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Friday, November 28, 2014

in the realm of the poetic



When Giving Is All We Have

by Alberto Ríos

                                One river gives
                                Its journey to the next.



We give because someone gave to us.
We give because nobody gave to us.

We give because giving has changed us.
We give because giving could have changed us.

We have been better for it,
We have been wounded by it—

Giving has many faces: It is loud and quiet,
Big, though small, diamond in wood-nails.

Its story is old, the plot worn and the pages too,
But we read this book, anyway, over and again:

Giving is, first and every time, hand to hand,
Mine to yours, yours to mine.

You gave me blue and I gave you yellow.
Together we are simple green. You gave me

What you did not have, and I gave you
What I had to give—together, we made

Something greater from the difference.

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"We have been better for it,
We have been wounded by it—"

Giving can be simple, and it can also be quite complicated. I like how in the poem by Rios, he acknowledges the many faces of giving.

The second line, I find quite heartbreaking. We give because nobody gave to us. But this is also inspiring. We can be better than we have been treated. There are possibilities.

Of course, what we have to give is not always received in the ways in which we hope, or plan.




We give of ourselves in many different ways. For those of you who are creative - writers or artists or photographers, you give when you share your art.

In need of a bit of inspiration, I return to Doris Lessing. November and December can be very difficult for those who create. The time we usually manage to carve out for ourselves can escape us now. It's even more exhausting, and at times seems impossible. Well.


“Whatever you're meant to do, do it now. The conditions are always impossible.”

- Doris Lessing



“You should write, first of all, to please yourself. You shouldn't care a damn about anybody else at all. But writing can't be a way of life - the important part of writing is living. You have to live in such a way that your writing emerges from it.”

- Doris Lessing




I'm trying to live in such a way that part of my everyday existence connects with the poetry that hides in plain view. I'm not saying I always succeed, but it's a practice, like any practice.






You can find poetry in your everyday life, your memory, in what people say on the bus, in the news, or just what's in your heart. 

- Carol Ann Duffy


I was just having this conversation with some people recently. I think that we're all potentially writing poetry every day. We're condensing language as we tweet, construct our Facebook status lines, as we text our loved ones before we hop in the car to drive home for dinner.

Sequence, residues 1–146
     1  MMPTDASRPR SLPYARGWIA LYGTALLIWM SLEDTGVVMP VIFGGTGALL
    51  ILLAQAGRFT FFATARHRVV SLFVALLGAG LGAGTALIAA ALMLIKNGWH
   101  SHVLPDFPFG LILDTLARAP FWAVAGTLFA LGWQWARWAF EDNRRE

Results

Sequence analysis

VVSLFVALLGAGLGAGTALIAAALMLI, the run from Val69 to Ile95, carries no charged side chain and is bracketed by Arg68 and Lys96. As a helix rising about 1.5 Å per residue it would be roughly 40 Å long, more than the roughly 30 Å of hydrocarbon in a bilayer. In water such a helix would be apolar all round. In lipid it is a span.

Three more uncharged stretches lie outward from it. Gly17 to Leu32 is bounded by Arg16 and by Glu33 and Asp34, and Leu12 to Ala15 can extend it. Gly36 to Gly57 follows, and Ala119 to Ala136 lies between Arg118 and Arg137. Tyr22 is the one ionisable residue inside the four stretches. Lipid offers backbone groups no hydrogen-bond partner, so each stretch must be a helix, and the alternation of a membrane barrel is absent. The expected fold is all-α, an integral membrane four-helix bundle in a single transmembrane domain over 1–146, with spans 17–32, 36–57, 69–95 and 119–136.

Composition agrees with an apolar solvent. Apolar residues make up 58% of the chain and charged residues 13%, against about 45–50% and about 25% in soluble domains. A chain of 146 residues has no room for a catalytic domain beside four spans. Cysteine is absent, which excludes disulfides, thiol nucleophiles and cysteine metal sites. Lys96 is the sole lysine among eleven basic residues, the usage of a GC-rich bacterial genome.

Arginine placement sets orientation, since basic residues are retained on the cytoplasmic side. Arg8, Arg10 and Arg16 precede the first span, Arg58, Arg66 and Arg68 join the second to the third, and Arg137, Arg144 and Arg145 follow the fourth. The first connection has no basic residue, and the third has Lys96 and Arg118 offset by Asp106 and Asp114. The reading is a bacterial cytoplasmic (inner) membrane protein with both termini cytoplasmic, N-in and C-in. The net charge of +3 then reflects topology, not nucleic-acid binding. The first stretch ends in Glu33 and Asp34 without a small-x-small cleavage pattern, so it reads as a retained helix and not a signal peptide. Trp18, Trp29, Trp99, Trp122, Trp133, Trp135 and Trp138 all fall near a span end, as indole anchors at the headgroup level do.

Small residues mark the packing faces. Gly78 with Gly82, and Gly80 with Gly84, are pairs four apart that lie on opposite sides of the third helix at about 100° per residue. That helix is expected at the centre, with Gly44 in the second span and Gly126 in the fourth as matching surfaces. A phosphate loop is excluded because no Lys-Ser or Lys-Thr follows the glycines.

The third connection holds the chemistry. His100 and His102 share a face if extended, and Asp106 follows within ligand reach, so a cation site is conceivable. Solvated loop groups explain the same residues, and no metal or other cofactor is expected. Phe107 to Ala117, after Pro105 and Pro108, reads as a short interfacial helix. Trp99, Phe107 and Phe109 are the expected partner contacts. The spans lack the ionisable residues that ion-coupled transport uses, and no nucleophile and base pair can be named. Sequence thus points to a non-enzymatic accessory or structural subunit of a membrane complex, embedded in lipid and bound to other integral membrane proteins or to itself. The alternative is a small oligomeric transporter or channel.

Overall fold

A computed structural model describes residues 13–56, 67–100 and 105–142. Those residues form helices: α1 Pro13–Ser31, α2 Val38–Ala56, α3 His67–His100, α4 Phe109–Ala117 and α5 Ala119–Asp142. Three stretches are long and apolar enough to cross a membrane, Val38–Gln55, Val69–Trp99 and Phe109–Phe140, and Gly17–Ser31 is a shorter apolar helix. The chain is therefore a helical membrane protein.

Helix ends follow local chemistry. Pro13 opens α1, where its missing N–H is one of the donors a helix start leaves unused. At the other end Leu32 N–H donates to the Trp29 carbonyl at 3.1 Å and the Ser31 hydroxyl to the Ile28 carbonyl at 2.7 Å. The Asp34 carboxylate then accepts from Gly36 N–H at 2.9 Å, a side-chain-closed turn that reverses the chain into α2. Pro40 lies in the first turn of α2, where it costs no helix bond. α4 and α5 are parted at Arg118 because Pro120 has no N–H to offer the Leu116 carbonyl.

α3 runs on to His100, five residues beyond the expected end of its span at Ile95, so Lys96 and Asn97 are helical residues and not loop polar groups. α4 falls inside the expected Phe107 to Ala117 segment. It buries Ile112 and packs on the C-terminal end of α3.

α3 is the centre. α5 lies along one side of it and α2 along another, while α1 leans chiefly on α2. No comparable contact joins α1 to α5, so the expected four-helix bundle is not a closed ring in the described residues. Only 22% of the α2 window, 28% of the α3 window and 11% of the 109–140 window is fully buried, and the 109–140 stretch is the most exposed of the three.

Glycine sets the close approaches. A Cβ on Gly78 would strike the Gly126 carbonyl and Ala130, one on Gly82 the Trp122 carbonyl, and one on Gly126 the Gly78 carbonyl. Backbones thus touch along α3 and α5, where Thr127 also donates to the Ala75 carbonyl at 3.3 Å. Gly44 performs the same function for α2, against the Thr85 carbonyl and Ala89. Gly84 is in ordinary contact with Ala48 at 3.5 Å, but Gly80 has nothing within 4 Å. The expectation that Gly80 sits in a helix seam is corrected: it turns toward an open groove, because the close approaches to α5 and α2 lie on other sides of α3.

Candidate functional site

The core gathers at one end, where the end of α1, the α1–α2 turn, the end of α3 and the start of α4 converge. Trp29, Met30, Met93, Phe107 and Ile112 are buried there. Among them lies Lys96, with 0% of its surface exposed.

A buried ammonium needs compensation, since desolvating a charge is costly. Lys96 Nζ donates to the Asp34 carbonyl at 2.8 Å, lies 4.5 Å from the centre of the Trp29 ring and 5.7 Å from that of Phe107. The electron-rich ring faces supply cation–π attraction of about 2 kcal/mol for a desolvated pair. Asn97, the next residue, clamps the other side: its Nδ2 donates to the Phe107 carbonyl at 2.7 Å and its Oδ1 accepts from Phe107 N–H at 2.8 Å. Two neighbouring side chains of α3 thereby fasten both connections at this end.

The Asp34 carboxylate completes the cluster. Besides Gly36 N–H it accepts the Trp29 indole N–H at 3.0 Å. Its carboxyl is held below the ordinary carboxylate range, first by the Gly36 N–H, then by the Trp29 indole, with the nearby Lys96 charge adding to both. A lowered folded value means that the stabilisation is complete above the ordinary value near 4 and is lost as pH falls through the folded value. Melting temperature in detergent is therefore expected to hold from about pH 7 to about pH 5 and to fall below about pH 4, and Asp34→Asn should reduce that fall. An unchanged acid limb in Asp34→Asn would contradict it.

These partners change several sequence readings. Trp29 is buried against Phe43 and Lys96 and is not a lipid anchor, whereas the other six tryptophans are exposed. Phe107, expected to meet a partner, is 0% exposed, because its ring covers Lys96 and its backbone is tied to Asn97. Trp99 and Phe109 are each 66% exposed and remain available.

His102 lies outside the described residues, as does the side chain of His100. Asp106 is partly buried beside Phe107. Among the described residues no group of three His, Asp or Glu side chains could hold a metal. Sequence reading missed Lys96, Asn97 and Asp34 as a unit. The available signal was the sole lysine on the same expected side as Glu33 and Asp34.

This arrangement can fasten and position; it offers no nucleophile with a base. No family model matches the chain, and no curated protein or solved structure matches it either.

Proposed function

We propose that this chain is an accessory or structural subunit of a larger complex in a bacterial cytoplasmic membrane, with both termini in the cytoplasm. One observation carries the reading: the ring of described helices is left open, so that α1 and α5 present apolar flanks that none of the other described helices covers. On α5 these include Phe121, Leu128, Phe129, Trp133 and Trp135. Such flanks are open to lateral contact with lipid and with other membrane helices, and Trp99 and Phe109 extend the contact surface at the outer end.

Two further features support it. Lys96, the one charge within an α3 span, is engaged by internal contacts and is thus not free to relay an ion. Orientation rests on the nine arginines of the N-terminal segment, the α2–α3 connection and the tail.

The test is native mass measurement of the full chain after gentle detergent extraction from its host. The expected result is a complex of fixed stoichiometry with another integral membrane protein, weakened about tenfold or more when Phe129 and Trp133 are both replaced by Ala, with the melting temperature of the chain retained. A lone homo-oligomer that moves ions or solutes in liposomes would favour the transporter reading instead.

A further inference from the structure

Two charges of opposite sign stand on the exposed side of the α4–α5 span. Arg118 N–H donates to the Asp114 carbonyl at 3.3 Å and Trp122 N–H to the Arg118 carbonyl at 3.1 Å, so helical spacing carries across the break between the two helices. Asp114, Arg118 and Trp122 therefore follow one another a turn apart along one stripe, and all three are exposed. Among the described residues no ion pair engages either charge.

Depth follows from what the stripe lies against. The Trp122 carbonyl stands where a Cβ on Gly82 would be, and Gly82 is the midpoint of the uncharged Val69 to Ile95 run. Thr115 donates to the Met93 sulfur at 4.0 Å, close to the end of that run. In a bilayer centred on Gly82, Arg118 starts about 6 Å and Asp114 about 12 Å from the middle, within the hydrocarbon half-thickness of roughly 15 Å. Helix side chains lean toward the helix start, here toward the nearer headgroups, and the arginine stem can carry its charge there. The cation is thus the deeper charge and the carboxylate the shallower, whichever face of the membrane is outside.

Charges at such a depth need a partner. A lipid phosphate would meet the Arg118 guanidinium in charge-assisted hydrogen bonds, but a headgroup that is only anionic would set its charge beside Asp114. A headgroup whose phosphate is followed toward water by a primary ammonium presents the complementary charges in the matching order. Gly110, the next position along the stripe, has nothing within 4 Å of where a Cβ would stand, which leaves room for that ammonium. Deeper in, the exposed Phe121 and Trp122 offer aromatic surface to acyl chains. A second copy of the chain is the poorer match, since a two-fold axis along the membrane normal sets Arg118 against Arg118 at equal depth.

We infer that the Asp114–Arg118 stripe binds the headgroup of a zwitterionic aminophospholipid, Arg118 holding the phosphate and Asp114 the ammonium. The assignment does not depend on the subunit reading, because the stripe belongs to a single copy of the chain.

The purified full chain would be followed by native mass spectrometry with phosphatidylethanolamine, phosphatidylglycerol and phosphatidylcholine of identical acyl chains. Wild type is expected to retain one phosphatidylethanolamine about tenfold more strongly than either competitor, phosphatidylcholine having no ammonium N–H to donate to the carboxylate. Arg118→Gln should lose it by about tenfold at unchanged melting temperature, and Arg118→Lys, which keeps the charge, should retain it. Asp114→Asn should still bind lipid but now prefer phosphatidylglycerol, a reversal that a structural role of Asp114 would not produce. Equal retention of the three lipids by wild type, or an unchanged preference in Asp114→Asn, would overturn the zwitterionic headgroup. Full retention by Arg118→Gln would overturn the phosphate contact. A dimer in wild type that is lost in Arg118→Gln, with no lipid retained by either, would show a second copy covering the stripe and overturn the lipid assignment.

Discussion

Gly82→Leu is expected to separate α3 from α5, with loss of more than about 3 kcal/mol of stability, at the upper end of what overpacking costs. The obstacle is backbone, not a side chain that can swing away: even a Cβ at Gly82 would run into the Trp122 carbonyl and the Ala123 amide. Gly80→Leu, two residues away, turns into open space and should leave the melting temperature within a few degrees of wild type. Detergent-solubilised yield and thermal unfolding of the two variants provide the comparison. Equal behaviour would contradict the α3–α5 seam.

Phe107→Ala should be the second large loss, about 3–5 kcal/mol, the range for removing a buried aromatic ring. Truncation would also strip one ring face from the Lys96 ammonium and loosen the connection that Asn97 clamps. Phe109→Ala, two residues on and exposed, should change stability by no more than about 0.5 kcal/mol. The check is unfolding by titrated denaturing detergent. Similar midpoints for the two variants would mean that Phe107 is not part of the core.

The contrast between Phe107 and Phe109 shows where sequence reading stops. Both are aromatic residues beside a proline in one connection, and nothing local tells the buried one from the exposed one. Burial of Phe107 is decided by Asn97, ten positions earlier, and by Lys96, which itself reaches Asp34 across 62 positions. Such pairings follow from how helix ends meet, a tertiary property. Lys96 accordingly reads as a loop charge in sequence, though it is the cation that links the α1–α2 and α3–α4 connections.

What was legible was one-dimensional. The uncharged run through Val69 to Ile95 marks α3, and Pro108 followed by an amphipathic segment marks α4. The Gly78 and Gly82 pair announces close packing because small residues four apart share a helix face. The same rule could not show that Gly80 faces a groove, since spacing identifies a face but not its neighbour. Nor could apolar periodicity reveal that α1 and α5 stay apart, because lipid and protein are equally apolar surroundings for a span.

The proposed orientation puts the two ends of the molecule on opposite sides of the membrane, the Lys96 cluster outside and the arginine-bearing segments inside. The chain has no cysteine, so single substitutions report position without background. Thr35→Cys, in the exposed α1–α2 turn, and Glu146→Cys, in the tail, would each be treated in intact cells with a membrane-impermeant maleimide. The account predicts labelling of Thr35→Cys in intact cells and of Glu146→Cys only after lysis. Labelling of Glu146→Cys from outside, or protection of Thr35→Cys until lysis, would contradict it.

The poem is a form of texting... it's the original text. It's a perfecting of a feeling in language - it's a way of saying more with less, just as texting is. 

- Carol Ann Duffy



You're in the realm of the poetic when you notice something anew, something you see every single day. When you notice something beautiful, or something not so beautiful. Something unjust. Something incongruous. Something weird or cool or lovely or something that makes you want to laugh or weep or scream. Your heart twinges. You feel hope. You're angry, so angry you could spit. When you develop an understanding. When you overhear words on the bus or in a cafe. Potentially, you're in the realm of the poetic. Write things down. Text yourself.

You're in the realm of the poetic.

At your desk, as you look out at your co-workers, wondering what they're going through. Sitting down to lunch, to dinner at your kitchen table. As you walk through the deep snow (which we'll be doing here in Edmonton today....). As you line up for a coffee at the cafe down the street. As you watch a magpie flit across the cityscape. As you flip through a magazine or eat an orange.





One last poem, one of my favourite poems.



Poet's work

by Lorine Niedecker

Grandfather
   advised me:
           Learn a trade

I learned
     to sit at desk
           and condense

No layoff
      from this
           condensery



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5 comments:

  1. Words and pictures that touch my mind, my heart and my soul. Thank you!

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  2. Perfect! As it happens, I'm about to pick up some Carol Ann Duffy this very evening.

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  3. Ahhhh .... Shawna, what a beautiful post! I so love visiting you. Your photos and words are so inspiring. Since I'm a newcomer to poetry (reading only!), your space makes me fall in love with the written form even more. I especially love the poem by Alberto Rios - I'm a big giver, it's what makes me tick. I do it cuz I love to and that's all, no rewards expected. I particularly love giving to the elderly and I'll be starting a certificate in gerontologie at Université Laval coming January - very excited! Anyway, all that to say, thank you for your continuous inspiration. Happy Sunday! XX

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  4. Thanks everyone :) So glad this post hit the spot.


    Lynn - wow! What a cool career path.

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  5. Thank you for sharing this Doris Lessing (in particular, always grateful for all of it) - essential reminder!

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